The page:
(b) In carrying out its responsibilities, the health data institute may contract with private sector organizations currently collecting data on specific health-related areas of interest to the health data institute, in order to achieve maximum efficiency and cost-effectiveness. The health data institute may establish links between the data collected and maintained by the health data institute and private sector data through the health data institute's electronic data interchange system, and may implement methods to streamline data collection in order to reduce public and private sector administrative costs. The health data institute may use or establish links with public sector data, such as that existing for medical assistance and Medicare, to the extent permitted by state and federal law. The health data institute may also recommend methods to streamline public sector data collection in order to reduce public and private sector administrative costs.

(c) Any contract with a private sector entity must require the private sector entity to maintain the data collected according to the applicable data privacy provisions, as provided in section 62J.452.

Subd. 4. Data collection plan. (a) The health data institute shall develop a plan that:

(1) identifies the health care data needs of consumers, group purchasers, providers, and the state regarding the performance of health care delivery system components including health plan companies and provider organizations;

(2) specifies data collection objectives, strategies, priorities, cost estimates, administrative and operational guidelines, and implementation timelines for the health data institute; and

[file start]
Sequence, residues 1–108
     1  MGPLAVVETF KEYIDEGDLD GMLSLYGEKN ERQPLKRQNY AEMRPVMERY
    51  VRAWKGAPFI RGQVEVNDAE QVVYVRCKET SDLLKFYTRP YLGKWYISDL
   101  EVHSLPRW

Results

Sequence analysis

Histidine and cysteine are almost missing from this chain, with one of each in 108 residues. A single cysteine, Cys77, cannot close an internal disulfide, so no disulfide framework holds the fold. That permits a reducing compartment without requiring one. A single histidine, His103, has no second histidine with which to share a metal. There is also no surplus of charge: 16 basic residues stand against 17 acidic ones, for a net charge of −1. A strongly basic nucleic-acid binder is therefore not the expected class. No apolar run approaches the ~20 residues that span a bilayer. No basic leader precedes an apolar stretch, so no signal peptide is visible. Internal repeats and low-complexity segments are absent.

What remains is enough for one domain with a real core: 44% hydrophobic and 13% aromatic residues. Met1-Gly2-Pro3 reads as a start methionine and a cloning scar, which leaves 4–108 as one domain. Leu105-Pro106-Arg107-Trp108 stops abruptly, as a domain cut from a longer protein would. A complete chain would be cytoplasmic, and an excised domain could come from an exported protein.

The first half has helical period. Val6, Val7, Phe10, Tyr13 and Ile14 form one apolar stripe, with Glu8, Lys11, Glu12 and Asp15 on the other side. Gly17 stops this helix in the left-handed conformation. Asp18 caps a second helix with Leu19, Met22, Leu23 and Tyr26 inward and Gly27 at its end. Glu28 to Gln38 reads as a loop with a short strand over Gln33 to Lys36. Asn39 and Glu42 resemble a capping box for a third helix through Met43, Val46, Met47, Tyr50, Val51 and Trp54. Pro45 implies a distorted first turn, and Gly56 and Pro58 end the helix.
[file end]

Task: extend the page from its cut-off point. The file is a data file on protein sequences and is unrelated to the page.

(3) identifies the data needed for the health data institute to carry out the duties assigned in this section. The plan must take into consideration existing data sources and data sources that can easily be made uniform for links to other datasets.

(b) This plan shall be updated on an annual basis.

Subd. 5. Health care electronic data interchange system. (a) The health data institute shall establish an electronic data interchange system that electronically transmits, collects, archives, and provides users of data with the data necessary for their specific interests, in order to promote a high quality, cost-effective, consumer-responsive health care system. This public-private information system shall be developed to make health care claims processing and financial settlement transactions more efficient and to provide an efficient, unobtrusive method for meeting the shared electronic data interchange needs of consumers, group purchasers, providers, and the state.